home | login | register | DMCA | contacts | help | donate |      

A B C D E F G H I J K L M N O P Q R S T U V W X Y Z


my bookshelf | genres | recommend | rating of books | rating of authors | reviews | new | | collections | | | add



75

T he outside of the church was old, with ivy-covered stone walls and a moss-spotted slate roof. There were modern touches, though, including wire mesh over the windows, anti-climbing paint on the drainpipes and a CCTV camera covering the main entrance. At some point the interior had been modernised on a budget, with cheap pine pews and a carpet that was already wearing thin in places. There was only one other person sitting in the pews, a middle-aged woman at the front on the right, curly ginger hair tucked behind her ears.

Not much of a turnout, muttered Nightingale. He turned to look at Jenny but she had vanished, then he realised that she was kneeling down, crossing herself. What are you doing? he whispered.

Its a church, Jack. This is what you do. She stood up. Come on, sit down.

They moved to the left and sat down. Directly in front of them were two wooden coffins, plain varnished teak with imitation brass handles. There was a small wreath of white flowers on top of each.

I guess they didnt have many relatives? whispered Jenny.

Lindas side of the family are mainly out in Australia, said Nightingale. And they never had kids.

A young vicar in black vestments walked out of a side door and strode up to the pulpit The service was mercifully short: a sermon and two prayers and it was over.

The vicar came over and introduced himself with a handshake that was as soft as an old womans and then hurried away. As Nightingale and Jenny headed out of the church, the ginger-haired woman who had been sitting at the front walked over. She wearing a fawn belted raincoat and carrying a black leather shoulder bag.

Are you Jack Nightingale? she asked.

In the flesh, said Nightingale. Are you a friend of my aunt and uncles?

The woman shook her head and took a small black wallet from her coat pocket. She flipped it open and flashed her warrant card. Detective Sergeant Janet Bethel, she said. Greater Manchester Police.

So youre not a family friend, then? said Nightingale.

I was the investigating officer, she said, ignoring his attempt at sarcasm and putting the card away. Not that there was much to investigate. I wish all my cases were as clear-cut. She grimaced. Im sorry, I didnt mean to sound so callous. Its been a rough few weeks.

Its not a problem, said Nightingale. I know what its like.

Of course you were in the Job, werent you?

In the Met. In another life.

And you found the bodies?

Thats right. Im surprised we havent met before. I spoke to the uniforms at the scene but no one from CID ever followed up.

My boss didnt see the need, said Bethel. It was a clear case of murder-suicide. Her blood all over the axe, along with his fingerprints and DNA; blood spatter all over him, fibres from the rope on his hands, the rope that hed used to hang himself with. You didnt have to watch much CSI to work out what happened. I said it was my case but really all I did was sign off on the paperwork.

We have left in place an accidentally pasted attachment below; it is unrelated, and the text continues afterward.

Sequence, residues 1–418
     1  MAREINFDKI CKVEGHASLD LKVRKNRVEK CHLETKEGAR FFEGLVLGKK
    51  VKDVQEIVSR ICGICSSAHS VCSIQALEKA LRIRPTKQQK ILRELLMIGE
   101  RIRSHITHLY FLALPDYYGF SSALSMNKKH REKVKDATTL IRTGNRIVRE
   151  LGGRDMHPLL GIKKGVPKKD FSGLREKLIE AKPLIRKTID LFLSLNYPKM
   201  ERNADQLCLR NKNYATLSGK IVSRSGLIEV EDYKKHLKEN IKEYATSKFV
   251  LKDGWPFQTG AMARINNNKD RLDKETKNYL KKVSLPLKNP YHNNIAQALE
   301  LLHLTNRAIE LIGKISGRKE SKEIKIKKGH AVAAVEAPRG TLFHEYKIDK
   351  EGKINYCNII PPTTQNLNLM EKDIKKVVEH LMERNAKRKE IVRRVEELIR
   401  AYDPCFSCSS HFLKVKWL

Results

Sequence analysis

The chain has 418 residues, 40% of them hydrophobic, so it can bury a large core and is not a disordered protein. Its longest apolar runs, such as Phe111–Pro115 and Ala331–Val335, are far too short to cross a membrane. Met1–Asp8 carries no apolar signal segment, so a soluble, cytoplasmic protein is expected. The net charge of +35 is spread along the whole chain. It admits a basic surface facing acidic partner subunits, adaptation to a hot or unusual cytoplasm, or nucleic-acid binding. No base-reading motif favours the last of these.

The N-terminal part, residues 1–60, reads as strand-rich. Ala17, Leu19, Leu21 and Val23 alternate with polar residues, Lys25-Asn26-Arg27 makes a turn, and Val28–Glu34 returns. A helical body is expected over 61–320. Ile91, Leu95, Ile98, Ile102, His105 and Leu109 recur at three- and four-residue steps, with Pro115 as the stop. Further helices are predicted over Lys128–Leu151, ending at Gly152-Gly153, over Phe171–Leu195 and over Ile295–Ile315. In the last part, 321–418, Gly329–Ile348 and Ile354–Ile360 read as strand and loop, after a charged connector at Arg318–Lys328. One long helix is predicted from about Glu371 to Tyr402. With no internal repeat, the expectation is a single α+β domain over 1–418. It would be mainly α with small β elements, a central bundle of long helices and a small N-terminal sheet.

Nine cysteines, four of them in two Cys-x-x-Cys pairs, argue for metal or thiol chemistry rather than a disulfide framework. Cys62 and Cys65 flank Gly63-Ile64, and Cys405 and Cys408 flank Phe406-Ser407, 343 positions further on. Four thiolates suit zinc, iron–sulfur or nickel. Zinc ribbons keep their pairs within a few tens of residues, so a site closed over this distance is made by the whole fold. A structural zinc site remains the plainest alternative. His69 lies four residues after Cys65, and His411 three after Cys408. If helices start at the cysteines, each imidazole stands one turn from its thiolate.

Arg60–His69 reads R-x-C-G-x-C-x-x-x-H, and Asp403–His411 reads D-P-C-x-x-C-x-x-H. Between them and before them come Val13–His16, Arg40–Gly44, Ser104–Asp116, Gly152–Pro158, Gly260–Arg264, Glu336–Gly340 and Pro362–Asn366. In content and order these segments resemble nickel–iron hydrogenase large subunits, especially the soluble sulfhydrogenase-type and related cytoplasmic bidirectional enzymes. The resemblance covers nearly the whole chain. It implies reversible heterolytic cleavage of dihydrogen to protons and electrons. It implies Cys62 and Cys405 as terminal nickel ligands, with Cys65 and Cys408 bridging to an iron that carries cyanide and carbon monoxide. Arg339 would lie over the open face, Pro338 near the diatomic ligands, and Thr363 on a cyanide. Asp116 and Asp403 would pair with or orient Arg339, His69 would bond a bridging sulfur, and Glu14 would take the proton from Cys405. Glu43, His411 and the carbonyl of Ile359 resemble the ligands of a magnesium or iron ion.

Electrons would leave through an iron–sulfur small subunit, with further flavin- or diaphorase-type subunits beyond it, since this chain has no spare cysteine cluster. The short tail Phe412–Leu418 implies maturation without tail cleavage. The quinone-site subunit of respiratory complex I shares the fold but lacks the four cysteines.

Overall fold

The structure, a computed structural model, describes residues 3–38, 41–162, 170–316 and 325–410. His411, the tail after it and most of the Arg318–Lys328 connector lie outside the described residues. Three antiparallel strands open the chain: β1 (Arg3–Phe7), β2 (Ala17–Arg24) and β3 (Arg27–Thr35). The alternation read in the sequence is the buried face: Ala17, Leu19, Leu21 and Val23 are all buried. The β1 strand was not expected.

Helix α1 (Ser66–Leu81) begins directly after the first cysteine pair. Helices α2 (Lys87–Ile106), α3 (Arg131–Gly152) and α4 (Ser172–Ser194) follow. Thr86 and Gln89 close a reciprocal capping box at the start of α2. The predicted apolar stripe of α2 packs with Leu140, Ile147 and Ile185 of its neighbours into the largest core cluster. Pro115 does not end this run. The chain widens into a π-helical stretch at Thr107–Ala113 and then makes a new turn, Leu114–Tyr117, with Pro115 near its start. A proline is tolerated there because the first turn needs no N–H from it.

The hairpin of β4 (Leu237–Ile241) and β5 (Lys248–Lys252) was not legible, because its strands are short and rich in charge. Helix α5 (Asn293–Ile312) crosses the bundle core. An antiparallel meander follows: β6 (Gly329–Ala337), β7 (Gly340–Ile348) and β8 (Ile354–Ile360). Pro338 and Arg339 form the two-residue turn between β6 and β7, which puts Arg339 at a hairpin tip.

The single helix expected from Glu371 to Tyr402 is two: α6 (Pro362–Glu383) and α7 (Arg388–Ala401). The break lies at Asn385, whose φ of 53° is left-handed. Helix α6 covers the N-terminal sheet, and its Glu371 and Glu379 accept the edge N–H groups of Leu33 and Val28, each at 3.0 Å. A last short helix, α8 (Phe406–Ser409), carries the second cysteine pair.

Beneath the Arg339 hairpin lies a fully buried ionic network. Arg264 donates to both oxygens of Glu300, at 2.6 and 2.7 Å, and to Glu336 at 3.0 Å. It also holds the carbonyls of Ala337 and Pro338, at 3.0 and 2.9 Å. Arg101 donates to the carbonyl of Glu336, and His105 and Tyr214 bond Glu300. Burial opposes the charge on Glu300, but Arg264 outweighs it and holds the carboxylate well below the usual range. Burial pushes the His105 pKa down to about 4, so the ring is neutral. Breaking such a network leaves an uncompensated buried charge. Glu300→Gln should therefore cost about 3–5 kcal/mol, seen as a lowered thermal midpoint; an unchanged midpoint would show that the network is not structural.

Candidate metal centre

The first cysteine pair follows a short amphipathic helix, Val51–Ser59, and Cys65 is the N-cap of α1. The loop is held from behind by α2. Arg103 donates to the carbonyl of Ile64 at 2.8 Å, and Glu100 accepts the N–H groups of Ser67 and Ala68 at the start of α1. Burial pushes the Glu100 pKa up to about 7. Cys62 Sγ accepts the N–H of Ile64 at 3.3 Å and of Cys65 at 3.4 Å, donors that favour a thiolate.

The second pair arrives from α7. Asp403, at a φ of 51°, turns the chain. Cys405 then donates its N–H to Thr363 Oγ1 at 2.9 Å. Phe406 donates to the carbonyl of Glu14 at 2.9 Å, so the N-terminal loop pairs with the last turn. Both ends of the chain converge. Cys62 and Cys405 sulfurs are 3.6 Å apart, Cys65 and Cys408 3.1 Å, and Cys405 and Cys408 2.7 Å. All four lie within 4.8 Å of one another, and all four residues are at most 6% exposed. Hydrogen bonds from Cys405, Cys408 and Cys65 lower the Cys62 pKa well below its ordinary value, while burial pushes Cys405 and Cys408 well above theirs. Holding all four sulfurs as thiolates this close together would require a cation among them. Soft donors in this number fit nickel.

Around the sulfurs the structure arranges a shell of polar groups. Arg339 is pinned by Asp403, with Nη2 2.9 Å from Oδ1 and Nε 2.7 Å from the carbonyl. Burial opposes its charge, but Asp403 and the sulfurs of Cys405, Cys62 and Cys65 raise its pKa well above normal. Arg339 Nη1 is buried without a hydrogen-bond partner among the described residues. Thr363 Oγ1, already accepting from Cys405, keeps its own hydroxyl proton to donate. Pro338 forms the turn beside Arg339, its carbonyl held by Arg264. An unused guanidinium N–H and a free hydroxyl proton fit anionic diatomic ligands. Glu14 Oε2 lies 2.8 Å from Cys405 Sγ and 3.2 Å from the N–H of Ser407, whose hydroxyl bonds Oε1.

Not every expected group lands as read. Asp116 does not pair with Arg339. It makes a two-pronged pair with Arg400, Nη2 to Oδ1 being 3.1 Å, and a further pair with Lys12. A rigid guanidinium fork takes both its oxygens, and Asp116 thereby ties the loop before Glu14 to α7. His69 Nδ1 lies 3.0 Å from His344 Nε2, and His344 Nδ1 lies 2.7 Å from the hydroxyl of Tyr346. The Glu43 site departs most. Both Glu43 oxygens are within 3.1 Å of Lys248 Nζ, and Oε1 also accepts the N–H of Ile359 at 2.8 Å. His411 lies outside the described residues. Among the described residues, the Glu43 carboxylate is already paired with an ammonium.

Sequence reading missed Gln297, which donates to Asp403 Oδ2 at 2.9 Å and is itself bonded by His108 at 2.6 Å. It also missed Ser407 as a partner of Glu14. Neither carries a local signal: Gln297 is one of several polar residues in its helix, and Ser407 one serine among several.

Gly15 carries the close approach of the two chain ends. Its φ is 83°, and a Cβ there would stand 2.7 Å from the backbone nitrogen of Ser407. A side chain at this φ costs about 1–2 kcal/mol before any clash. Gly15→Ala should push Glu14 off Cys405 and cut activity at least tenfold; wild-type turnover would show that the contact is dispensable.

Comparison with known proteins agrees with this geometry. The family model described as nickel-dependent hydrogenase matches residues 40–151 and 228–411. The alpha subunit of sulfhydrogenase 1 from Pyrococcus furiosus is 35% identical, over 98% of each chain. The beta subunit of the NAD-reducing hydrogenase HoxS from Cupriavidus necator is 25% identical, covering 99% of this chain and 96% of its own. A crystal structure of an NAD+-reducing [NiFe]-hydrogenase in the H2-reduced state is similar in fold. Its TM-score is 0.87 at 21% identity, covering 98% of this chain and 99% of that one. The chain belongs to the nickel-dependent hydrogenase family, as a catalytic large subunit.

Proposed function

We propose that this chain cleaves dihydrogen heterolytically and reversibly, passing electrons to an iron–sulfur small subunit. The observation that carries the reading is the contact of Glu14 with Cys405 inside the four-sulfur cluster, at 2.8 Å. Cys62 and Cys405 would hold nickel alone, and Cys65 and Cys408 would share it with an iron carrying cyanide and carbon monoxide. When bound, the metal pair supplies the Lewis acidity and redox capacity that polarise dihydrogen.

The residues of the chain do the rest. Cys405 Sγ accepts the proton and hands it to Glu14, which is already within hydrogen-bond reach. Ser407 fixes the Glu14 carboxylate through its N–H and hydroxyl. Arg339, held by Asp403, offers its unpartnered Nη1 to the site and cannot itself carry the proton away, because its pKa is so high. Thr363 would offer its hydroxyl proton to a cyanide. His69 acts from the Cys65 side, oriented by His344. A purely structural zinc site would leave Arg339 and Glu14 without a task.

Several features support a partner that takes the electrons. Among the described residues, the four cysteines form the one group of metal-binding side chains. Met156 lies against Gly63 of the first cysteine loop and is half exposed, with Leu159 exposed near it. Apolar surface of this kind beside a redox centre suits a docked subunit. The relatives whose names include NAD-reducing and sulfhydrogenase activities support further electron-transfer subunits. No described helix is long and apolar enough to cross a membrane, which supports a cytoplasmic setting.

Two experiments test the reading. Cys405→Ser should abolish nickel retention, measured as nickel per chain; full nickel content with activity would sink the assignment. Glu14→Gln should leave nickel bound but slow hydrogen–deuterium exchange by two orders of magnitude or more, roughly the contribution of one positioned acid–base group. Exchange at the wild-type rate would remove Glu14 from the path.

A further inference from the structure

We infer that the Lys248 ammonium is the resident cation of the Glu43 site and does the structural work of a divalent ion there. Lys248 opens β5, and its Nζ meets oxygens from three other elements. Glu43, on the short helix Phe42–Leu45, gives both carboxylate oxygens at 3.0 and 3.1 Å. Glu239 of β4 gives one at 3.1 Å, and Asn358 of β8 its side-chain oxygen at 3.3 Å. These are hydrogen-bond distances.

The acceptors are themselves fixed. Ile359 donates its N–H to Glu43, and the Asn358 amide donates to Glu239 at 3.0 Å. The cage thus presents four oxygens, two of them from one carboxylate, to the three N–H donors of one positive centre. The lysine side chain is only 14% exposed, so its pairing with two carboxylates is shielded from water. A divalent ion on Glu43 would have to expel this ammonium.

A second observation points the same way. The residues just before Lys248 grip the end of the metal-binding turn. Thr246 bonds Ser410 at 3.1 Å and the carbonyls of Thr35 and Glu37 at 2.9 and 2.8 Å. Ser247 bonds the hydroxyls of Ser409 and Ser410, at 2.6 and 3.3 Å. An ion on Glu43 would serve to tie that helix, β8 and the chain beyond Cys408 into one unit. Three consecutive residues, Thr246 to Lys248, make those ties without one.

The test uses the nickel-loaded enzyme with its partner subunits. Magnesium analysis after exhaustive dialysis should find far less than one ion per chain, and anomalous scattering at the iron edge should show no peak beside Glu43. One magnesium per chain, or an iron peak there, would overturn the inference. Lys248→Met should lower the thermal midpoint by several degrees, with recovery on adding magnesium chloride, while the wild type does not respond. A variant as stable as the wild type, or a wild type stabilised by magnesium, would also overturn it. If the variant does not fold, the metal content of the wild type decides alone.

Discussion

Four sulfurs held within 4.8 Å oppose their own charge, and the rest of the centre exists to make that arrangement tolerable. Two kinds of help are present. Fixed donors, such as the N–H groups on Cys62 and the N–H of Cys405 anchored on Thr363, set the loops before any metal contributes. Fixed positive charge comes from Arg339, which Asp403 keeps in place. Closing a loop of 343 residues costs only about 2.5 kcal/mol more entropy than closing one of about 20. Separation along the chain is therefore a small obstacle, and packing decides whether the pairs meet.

So, forgive me for asking, but why are you here? asked Nightingale.

Its just something I do, said the detective.

Nothing to do with the case?

Like I said, the case is closed, said Bethel. I just feel its difficult to say. The fact that Im the investigating officer means theres a connection, and the funeral is part of that. She forced a smile. It sounds crazy, I know.

No, it doesnt, said Jenny. I think its a lovely thing to do. It shows that you care. And in this day and age thats a rare quality. She held out her hand. Jenny McLean, she said. Im afraid Jack isnt great with the social graces. They shook hands.

I thought thered be more people here, said Nightingale, looking back at the church. I mean, I know Uncle Tommy didnt have any family other than me and Lindas family is mainly in Australia, but even so

I asked the vicar about that, said Bethel. They were well liked in the area and several of the parishioners had asked when the funeral was, but they all backed off when they found out it was a joint funeral. I think they were a bit loath to be saying prayers for your uncle, after what he did. She looked at her wristwatch, a cheap black Casio. I must be going, she said. The boss never likes me to be long at these things.

Well, thank you for coming, anyway, said Nightingale.

No problem, said Bethel. Youre going back to London?

Nightingale nodded. Theres not much to keep me here, he said. Do you know whats happening to the house and everything?

Its messy, she said. They both had wills but she died first so everything passed to him. And I gather his will left everything to her. I dont think he expected to outlive her. The lawyers will work it out, Im sure, after theyve taken their cut. Why dont you give me your card and Ill call you if anything crops up? Nightingale fished a business card out of his wallet and gave it to her. She took it and thanked him. And Im sorry about your loss, she said.

Nightingale and Jenny watched the detective walk away down the path. Shes nice, said Jenny.

I suppose so, for a cop.

You were a cop.

Yeah, thats how I know that most cops arent nice. Theres only one reason I know that a cop would go to a victims funeral.

In case the killer turns up. She laughed at the look of surprise on his face. Come on, Jack, I watch CSI. Everyone knows that.

But in this case they know Uncle Tommy did it. So why is she here?

Maybe she wanted to meet the famous Jack Nightingale.

Notorious rather than famous, he said. But maybe youre right. He ran a hand through his hair. Do you wanna grab a coffee before we head back?

Just so long as you dont expect me to make it for you, she said, smiling sweetly.


| Midnight | c